Let's move on to your other new movie, Dry Spell - even if we've talked about that one in quite some detail a few months ago [click here], do bring us up to speed again, what is it about?

 

Dry Spell is a romantic comedy about a couple on the eve of their divorce. Sasha (Suzi Lorraine) wants to get back into dating, but when she hooks up with a hot guy (Steven Lee Edwards) she finds herself unable to perform sexually. She's dried up. Blaming her impotence on guilt for moving on before her ex-husband (Kyle Hoskins), she sets out on a quest to get him laid, so that she can move on with her life guilt-free. It's about divorce, dating, love and letting go of the past.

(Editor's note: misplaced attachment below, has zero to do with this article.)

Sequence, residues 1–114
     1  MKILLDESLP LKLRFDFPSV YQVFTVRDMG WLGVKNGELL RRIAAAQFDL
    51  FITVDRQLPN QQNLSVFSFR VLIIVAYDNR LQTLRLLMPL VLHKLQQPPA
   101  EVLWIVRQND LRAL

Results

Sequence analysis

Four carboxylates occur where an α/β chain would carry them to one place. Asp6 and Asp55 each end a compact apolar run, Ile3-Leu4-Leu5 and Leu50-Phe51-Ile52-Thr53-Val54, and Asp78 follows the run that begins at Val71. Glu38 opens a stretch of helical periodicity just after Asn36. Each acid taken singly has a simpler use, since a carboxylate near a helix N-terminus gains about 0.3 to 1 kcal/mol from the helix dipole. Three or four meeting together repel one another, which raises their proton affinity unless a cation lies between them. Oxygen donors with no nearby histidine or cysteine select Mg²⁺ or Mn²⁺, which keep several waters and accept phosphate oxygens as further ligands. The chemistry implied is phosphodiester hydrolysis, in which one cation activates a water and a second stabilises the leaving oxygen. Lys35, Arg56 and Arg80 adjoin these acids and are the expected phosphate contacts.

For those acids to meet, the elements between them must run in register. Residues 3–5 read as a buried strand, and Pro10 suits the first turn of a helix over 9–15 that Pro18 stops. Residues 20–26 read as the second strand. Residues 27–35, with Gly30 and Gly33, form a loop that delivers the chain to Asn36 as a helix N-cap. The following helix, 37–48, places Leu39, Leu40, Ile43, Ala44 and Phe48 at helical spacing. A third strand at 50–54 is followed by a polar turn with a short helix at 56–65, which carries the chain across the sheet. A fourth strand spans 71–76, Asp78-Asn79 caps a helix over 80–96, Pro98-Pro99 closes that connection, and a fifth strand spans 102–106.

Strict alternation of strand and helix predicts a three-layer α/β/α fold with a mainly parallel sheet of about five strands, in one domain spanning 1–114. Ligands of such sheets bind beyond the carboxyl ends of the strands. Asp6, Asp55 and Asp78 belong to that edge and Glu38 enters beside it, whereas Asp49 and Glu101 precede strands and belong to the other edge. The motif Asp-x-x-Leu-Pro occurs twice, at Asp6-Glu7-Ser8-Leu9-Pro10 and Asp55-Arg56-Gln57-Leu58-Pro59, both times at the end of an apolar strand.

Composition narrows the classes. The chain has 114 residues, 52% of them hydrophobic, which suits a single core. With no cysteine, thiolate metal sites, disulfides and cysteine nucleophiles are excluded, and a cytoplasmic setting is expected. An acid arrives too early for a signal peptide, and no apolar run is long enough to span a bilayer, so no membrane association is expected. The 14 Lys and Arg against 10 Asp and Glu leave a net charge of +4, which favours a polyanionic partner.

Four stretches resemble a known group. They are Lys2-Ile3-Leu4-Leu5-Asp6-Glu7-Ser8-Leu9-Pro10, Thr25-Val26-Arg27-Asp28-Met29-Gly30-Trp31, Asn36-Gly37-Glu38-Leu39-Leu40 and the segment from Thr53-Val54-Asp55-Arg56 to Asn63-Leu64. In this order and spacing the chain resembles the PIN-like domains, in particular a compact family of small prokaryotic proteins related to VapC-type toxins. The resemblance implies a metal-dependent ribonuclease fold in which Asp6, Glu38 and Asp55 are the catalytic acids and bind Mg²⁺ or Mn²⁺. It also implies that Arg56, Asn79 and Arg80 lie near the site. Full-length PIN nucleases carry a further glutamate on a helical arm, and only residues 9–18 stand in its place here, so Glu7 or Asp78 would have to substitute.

When we last talked about Dry Spell, the actual shoot was still a month or two in the future - so how did the shoot go, what were the expected and unexpected challenges, and what was the overall atmosphere like?

 

The shoot went incredibly well. New York City is such a wonderful place to shoot a film, especially a low-budget indie film. It's an incredibly accommodating town. We had a few issues with equipment rental and scheduling as well as some last minute scrambling to find locations, but in the end everything worked out phenomenally. Sean Tyler, my second unit director and general Swiss army crew member and I talk about it very extensively on the director's commentary that is exclusively available on the Dry Spell Indiegogo page: http://www.indiegogo.com/watchdryspell.